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Rolling & slipping

  1. Jan 11, 2013 #1
    hi pf, the more i think i have understood classical rotational mechanics the more it turns out to be clumsy? i am just not able to understand the slipping and rolling of bodies? somewhere friction comes into play and somewhere dont?
    "if a body rolls without slipping such that velocity of COM doesnt change then no frictional force acts on the body" how? why would a body roll if there is no friction?

    please help me out. i am tired of reading so many books. still not able to solve numerical related to it
  2. jcsd
  3. Jan 11, 2013 #2


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    It's not about how it started rolling. Once it is rolling at constant speed no friction is necessary.
  4. Jan 11, 2013 #3


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    What AT said.

    It actually says that in the quote...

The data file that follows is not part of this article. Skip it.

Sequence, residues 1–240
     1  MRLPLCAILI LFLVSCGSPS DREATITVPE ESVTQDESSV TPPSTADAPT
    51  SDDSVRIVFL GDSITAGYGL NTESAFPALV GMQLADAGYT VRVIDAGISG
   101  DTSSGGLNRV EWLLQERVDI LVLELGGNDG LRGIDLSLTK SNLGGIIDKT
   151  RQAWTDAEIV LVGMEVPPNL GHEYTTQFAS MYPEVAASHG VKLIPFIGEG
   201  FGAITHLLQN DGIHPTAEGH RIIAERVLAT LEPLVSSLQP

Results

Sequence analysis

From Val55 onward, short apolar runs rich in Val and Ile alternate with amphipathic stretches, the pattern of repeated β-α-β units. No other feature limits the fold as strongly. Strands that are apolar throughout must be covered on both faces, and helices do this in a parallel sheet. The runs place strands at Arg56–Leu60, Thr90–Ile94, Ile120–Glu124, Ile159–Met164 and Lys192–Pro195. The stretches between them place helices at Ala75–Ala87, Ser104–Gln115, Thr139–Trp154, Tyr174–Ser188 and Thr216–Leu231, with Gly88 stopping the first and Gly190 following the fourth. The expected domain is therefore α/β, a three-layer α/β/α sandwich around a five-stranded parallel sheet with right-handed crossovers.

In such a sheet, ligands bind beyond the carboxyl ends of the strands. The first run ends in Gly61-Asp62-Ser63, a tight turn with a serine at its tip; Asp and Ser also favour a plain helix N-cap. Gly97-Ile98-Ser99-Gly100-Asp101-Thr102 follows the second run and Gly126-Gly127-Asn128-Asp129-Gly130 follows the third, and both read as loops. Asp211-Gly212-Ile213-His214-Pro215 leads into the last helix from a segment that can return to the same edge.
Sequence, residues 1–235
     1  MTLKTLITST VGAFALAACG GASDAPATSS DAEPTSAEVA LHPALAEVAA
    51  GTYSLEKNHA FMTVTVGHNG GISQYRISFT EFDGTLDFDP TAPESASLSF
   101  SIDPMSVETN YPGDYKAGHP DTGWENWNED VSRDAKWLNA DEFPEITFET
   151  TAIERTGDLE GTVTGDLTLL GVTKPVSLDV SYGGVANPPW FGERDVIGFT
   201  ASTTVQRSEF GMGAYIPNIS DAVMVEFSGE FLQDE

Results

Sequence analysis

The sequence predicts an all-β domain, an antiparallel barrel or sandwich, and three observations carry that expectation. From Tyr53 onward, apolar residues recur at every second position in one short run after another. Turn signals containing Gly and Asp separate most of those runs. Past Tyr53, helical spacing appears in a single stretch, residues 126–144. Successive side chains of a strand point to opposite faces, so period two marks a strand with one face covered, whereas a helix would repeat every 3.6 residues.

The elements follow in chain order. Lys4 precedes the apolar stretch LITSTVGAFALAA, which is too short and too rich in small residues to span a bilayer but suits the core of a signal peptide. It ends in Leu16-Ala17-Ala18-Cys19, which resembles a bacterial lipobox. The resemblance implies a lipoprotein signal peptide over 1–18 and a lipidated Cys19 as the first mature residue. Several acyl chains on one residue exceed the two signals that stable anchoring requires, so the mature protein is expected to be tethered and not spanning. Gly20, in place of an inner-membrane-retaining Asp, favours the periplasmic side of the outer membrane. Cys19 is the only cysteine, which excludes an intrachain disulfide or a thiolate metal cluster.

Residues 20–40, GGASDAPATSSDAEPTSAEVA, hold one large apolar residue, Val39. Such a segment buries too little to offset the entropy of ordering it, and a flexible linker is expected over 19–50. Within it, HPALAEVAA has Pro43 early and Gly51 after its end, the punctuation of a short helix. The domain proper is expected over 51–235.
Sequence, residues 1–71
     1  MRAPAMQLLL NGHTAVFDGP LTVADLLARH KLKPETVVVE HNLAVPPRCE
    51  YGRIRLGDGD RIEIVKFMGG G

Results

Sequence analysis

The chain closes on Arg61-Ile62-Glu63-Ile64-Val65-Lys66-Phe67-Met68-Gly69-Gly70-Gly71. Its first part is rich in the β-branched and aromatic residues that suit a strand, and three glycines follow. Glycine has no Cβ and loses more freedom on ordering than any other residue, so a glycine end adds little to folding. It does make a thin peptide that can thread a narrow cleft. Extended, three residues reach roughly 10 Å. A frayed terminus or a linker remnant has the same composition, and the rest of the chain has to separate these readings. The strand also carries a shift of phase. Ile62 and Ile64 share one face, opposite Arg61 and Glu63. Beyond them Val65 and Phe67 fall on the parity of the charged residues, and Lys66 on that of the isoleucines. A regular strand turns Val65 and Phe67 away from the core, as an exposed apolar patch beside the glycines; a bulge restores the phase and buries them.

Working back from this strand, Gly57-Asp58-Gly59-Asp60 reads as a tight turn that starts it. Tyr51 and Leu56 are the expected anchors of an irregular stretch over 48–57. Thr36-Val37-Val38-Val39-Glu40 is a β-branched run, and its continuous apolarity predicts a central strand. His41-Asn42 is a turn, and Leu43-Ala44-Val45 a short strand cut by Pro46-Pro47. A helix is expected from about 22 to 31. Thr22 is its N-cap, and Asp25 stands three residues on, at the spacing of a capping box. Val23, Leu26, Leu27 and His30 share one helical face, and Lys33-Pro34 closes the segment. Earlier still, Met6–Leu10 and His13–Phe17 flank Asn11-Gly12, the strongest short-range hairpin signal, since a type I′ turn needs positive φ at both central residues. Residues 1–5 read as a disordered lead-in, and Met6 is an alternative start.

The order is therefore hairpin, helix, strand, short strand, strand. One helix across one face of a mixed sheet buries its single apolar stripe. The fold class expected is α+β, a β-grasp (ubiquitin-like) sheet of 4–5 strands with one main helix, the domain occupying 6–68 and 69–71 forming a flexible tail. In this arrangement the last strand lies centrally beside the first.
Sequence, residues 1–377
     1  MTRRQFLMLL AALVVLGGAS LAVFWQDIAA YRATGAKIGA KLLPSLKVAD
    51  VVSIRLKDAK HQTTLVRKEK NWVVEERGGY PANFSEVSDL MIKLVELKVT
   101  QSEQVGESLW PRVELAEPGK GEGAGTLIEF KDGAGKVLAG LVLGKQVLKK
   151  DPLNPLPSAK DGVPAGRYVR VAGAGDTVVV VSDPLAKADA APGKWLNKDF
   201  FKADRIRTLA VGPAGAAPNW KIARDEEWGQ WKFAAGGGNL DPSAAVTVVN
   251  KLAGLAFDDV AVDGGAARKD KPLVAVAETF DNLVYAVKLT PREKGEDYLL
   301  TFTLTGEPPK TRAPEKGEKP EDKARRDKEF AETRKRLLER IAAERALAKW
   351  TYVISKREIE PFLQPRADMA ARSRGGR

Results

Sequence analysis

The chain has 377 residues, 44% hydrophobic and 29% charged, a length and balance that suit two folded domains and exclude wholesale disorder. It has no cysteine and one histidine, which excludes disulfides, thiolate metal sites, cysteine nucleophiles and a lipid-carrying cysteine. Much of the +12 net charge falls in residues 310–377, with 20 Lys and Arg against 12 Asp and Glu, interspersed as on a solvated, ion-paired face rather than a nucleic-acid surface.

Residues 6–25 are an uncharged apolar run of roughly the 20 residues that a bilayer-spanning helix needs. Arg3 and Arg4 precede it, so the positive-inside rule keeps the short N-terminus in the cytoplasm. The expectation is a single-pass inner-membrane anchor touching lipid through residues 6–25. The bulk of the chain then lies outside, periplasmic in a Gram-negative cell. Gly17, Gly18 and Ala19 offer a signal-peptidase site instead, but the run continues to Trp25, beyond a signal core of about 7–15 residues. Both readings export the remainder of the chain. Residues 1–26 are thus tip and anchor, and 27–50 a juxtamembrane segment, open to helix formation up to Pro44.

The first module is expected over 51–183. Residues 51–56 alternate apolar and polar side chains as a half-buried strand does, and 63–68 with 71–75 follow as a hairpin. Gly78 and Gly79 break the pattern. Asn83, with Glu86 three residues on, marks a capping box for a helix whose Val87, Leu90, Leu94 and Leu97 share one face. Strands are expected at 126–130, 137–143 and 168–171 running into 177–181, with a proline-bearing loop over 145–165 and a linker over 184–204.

Consider a train that has solid steel wheels (so negligible rolling resistance).... When it accelerates it applies a force on the track in one direction, when it brakes it applies a force in the opposite direction. When it does neither and travels at a constant velocity no frictional forces are acting.

    Aside: In a real train this isn't true because of things like wind resistance and rolling resistance isn't totally zero. So some force (and power from the engine) is required to maintain a constant velocity.
  5. Jan 11, 2013 #4
    ok..if i consider a sphere rolling as well as sliding down an inclined plane? what should i interpret? friction is acting or not?
  6. Jan 11, 2013 #5

    Doc Al

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    If the sphere is rolling without slipping down the incline then there must be a friction force to produce the angular acceleration.
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